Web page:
Integrity Matters
July 5, 2006

Generosity deserves thanks, not criticism

Question: (E-247)

Dear Jim:

A letter to the editor in the June 29 New York Times criticizes Warren Buffett for entrusting his billions to the Bill and Melinda Gates Foundation, suggesting his monies would be better spent in the United States, not in Africa. What is your reaction to the suggestion?


Goofy! Warren Buffett has demonstrated in his selfless actions that charity and graciousness fit together in the life and legacy of a successful business leader. It was and is his money, and he can do with that money what he chooses. Were he financing filthy movies, drug distribution networks or decadent lifestyles for subsequent generations of the idle rich, then criticism would be warranted.

But to turn over a lifetime of wealth accumulation for the intention of raising the quality of life globally - beginning on the African continent - is nothing short of world-class citizenry. Wags who criticize the generosity of others need to make their own dollars and distribute them as they choose, but responsibly, in culturally constructive ways.

A few years ago, my wife and I made a number of modifications to our home. We liked the results and invited friends to stop by and see the changes. The very first guests mentioned that they thought we "should have" - and that was when we interrupted, saying: "Please do not say anything about any part of our remodel, except 'oooh! and ahhhh!'" We reminded visitors that we were not interested in making additional improvement, certainly not just now. Had we wanted to do things differently, we would have set aside additional dollars to change it.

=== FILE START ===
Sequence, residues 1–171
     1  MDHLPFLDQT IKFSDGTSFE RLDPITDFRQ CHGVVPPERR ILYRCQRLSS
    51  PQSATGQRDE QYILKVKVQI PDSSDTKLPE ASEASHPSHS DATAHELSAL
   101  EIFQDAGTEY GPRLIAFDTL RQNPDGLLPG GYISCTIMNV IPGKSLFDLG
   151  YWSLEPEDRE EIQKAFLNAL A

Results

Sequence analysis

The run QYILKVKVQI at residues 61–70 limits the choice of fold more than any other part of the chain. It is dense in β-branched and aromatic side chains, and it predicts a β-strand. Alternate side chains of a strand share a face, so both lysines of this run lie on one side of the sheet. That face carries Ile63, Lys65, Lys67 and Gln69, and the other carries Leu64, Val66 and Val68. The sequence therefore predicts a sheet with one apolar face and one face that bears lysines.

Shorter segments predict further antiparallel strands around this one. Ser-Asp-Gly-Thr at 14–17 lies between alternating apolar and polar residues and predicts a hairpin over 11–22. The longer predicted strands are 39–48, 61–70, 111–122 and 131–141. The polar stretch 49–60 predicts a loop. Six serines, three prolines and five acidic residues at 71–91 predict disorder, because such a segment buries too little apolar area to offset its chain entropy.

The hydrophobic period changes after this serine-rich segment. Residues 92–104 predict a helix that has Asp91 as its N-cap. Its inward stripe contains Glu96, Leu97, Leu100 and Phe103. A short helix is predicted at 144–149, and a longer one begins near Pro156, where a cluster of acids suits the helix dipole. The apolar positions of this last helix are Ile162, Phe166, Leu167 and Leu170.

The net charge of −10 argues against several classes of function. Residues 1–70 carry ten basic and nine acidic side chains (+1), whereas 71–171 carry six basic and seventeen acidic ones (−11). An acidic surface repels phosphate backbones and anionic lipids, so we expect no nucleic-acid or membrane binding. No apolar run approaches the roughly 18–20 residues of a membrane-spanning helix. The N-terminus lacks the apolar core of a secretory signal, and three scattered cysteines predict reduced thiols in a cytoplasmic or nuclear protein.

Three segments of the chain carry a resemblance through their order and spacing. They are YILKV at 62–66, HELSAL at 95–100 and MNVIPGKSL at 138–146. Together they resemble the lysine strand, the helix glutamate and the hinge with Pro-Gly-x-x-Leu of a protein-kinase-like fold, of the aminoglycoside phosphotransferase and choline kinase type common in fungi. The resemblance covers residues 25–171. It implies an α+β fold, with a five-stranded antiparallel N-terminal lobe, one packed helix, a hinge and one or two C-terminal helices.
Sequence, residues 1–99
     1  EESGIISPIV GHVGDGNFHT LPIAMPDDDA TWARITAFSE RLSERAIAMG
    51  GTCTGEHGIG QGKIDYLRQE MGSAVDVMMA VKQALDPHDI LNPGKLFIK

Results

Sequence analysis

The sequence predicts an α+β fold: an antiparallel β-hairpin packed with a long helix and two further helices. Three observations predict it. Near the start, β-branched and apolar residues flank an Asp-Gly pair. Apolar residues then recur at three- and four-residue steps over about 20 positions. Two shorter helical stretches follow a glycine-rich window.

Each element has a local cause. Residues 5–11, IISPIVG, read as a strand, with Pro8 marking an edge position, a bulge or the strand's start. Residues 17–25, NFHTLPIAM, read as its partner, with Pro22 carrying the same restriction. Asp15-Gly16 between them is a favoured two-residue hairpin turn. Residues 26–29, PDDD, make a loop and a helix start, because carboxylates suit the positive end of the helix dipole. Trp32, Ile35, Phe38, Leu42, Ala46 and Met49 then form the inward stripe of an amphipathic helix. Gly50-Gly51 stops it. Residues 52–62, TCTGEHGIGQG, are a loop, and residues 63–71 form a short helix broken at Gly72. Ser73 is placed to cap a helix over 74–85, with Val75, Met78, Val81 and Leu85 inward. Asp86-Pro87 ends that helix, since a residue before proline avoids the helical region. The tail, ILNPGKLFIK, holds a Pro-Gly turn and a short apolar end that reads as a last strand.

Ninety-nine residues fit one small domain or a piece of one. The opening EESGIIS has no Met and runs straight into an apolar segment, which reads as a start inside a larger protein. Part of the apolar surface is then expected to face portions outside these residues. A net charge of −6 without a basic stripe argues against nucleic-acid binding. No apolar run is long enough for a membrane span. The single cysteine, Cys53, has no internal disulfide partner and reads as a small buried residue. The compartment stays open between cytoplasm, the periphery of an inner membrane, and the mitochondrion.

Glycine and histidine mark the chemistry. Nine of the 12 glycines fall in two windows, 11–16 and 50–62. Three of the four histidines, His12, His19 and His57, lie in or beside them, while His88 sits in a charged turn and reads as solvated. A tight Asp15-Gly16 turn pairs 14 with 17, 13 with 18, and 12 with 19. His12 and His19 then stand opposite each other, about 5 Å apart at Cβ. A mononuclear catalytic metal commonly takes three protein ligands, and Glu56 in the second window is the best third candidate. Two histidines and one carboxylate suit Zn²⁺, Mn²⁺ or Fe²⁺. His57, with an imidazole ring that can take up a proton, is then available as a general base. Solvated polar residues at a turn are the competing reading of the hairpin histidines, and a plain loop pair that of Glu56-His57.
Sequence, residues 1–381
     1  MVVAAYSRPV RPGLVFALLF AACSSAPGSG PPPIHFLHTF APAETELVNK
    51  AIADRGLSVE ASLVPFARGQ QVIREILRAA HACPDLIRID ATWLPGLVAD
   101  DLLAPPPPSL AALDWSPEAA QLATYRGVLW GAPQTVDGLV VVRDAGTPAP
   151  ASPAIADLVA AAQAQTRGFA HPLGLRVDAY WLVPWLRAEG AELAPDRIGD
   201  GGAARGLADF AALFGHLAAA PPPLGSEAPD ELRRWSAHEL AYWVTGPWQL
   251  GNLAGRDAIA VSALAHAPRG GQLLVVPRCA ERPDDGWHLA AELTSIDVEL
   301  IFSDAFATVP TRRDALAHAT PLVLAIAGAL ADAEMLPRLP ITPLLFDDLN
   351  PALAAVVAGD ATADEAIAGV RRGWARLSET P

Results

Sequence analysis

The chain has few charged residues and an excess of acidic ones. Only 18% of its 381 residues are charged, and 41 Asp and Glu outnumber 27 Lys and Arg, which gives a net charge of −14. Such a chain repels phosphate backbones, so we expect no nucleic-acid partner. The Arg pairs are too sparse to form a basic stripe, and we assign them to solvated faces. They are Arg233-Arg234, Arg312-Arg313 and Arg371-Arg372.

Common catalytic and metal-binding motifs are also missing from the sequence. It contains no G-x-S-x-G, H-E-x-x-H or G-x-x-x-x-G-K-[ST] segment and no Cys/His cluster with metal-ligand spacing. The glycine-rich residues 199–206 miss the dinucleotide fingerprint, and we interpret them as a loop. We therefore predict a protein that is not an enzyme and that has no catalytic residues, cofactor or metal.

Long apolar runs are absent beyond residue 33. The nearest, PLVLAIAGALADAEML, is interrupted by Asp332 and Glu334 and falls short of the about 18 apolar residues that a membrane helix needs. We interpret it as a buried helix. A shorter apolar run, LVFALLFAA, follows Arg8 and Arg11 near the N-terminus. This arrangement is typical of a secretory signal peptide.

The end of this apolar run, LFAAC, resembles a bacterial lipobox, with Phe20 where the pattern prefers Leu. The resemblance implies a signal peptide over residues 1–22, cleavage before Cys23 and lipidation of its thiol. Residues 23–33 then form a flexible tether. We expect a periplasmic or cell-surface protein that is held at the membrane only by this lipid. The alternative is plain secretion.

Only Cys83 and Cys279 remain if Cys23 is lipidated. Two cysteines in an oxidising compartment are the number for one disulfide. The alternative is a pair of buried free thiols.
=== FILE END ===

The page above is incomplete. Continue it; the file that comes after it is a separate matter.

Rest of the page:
Integrity recommendation: With your money, do as you choose, responsibly. If you do not like our remodel decisions, and how we choose to spend our money, then spend your money differently.

The Buffett billions, being combined with the Gates billions, clearly and dramatically place impact above ego, modeling serious commitments to public service. These giants are teaching many people an effective way to leverage, in positive ways, wealth, power, status and influence.

Doing good, after having done well, is an important part of the Buffett-Gates legacy that now becomes a constructive benchmark for what can be done with talent that creates riches.

Appreciatively and respectfully, it is time to offer a genuine thank you to those who give, not because they need their names in lights, but rather because they choose to provide light and hope for others, long after they have lived.

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